Rainbow Bridge to Monument Valley
Making the Modern Old West
Published by: University of Oklahoma Press
Imprint: University of Oklahoma Press
256 Pages | 6 x 9 | 11 b&w illus., 1 map
Navajos long ago incorporated Rainbow Bridge into the complex origin story that embodies their religion and worldview. In the early 1900s, archaeologists crossed paths with Grey in the Rainbow Bridge area. Grey, credited with making the modern western novel popular, sought freedom from the contemporary world and reimagined the landscape for his own purposes. In the process, Harvey shows, Grey erased most of the Navajo inhabitants. This view of the landscape culminated in filmmaker John Ford’s use of Monument Valley as the setting for his epic mid-twentieth-century Westerns. Harvey extends the story into the late twentieth century when environmentalists sought to set aside Rainbow Bridge as a symbolic remnant of nature untainted by modernization.
Tourists continue to flock to Monument Valley and Rainbow Bridge, as they have for a century, but the landscapes are most familiar today because of their appearances in advertising. Monument Valley has been used to sell perfume, beer, and sport utility vehicles. Encompassing the history of the Navajo, archaeology, literature, film, environmentalism, and tourism, Rainbow Bridge to Monument Valley explores how these rock formations, Navajo sacred spaces still, have become embedded in the modern identity of the American West—and of the nation itself.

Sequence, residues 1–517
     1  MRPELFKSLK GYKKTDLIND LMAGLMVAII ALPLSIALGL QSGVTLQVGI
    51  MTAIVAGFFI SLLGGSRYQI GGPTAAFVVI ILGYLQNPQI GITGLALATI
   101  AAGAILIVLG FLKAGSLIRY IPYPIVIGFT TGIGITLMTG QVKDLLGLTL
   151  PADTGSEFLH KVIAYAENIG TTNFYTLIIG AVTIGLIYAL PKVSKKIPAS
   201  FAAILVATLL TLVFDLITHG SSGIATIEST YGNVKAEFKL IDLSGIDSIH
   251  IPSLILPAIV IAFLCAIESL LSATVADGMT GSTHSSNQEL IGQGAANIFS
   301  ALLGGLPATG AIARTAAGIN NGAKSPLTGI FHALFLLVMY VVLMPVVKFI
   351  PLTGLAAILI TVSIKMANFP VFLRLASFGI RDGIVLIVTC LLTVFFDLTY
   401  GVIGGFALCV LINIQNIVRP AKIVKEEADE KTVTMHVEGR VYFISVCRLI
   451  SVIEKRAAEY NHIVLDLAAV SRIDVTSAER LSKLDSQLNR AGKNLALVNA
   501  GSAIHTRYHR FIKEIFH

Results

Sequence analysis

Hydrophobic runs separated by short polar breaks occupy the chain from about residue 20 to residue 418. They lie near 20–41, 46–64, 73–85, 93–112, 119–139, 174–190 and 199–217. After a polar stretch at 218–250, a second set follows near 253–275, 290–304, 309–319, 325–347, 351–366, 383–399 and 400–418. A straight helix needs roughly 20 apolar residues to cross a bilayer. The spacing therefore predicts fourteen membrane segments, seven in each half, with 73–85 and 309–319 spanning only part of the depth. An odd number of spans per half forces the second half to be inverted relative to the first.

"Rainbow Bridge to Monument Valley provides a captivating analysis of the meaning Anglos and Indians have made from two of the West’s most iconic sites. In exploring these spaces and their place in the American and the Navajo imagination, Thomas J. Harvey makes a significant contribution to the cultural history of the American West and the nation."—David Wrobel, author of Promised Lands: Promotion, Memory, and the Creation of the American West
"Thomas J. Harvey’s work on the Utah-Arizona border region . . . will stake out new intellectual terrain for scholars seeking to explore the relationship between geography, cultural nationalism, and Occidentalism in twentieth-century America. . . . Harvey shows quite clearly how layers of meaning continue to be attached to the region and how modern mythmaking is perpetuated.”Carter Jones Meyer co-author of Selling the Indian: Commercializing and Appropriating American Indian Cultures